GPs from Tower Hamlets in east London are meeting today to hand out information leaflets to patients about why doctors are taking industrial action for the first time in almost 40 years, along with their hospital colleagues.
BMA Tower Hamlets chairwoman and Tower Hamlets GP Dr Jackie Applebee explained that GPs would be able to take part because the practice’s protected learning time, which had been scheduled for Thursday afternoon, had been cancelled.
‘It would be really good to get 30 to 50 people to come down,’ Dr Applebee said.
Prior to the rally Dr Applebee said she would be in her practice, seeing any patients who considered themselves to be an emergency but not doing any work that was ‘safe to put off’.
Dr Applebee said she thought it was important for GPs to fight the NHS pension reforms, because they were just part of wider government cuts to the public sector.
‘This is about pensions but it’s not just about our pensions, it about the pensions of all public sector workers.’
‘This is about a much bigger picture. This is about defending the NHS and defending the public sector.’
Elsewhere in the country GPs have been less keen to take part in the action.
A survey by GP has found that just 20% of practices across the country will take industrial action today. Of the 22 PCTs and LMCs contacted by GP, most were able to provide a figure for the number of practices taking part in industrial action. The figures revealed that out of 2,205 practices 443 will be taking some form of industrial action today.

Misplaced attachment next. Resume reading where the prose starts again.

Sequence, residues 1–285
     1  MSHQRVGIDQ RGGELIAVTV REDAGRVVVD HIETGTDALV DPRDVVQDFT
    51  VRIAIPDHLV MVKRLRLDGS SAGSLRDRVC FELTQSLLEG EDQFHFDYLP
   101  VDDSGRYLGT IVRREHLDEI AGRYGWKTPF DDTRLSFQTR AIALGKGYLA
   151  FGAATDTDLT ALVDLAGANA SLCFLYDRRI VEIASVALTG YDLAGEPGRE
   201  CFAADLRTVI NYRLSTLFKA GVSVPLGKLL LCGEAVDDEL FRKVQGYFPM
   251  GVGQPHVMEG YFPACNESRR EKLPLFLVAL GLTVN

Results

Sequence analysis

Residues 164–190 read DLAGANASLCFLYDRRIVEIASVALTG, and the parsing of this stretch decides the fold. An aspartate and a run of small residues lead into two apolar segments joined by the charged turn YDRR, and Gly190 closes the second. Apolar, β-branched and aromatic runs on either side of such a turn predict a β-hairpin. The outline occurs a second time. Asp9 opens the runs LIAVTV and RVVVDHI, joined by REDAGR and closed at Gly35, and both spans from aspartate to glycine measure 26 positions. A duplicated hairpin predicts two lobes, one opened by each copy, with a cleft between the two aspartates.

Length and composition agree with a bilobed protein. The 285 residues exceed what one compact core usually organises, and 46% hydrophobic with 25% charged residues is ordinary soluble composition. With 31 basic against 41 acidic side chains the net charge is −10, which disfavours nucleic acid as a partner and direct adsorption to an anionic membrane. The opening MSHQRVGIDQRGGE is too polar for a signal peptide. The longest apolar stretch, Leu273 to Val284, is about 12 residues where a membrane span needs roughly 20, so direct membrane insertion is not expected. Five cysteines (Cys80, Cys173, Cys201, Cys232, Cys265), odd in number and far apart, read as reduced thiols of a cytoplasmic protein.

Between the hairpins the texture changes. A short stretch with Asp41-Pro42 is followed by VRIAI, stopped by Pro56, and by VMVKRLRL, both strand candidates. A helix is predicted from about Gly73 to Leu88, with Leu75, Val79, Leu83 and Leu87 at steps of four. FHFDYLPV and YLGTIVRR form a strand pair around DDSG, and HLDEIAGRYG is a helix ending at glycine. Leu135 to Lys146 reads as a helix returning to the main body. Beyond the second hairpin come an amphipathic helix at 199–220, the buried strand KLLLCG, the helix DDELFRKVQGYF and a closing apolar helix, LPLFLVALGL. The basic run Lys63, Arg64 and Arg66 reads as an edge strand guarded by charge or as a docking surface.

PCTs that were unable to give a number for those taking part, such as the Bristol, North Somerset and South Gloucestershire PCT cluster, said that the majority of GP practices were not taking part in industrial action.
Central London GP Dr John Cosgove said that he was in favour of industrial action but would not be taking part. ‘Personally I am not, I was not scheduled to work that day,' he said.
‘In my practice there were one or two others that wanted to take action but the practice will be open as normal. The partners felt quite strongly that we should not be taking action,’ he said.
Despite not taking action himself, Dr Cosgove said he said he supported doctors who did.
‘I think we did need to send a signal because it was not long ago that the pension deal was renegotiated.’
He said that despite fears, he did not think that action taken by GPs would affect patient care.
‘I can’t see how it would – at most it might inconvenience patients a little.'
However London GP Dr Sebastian Kalwij said he was against GPs taking industrial action.
He said: ‘I am against the strike and I will see patients, as planned on that day, some have booked weeks ago and it wouldn't be fair on them to cancel their appointment.’
‘I work in Deptford/New Cross where levels of deprivation are high and going on strike over a pension which seems very generous in the eyes of the public would give the wrong signal.’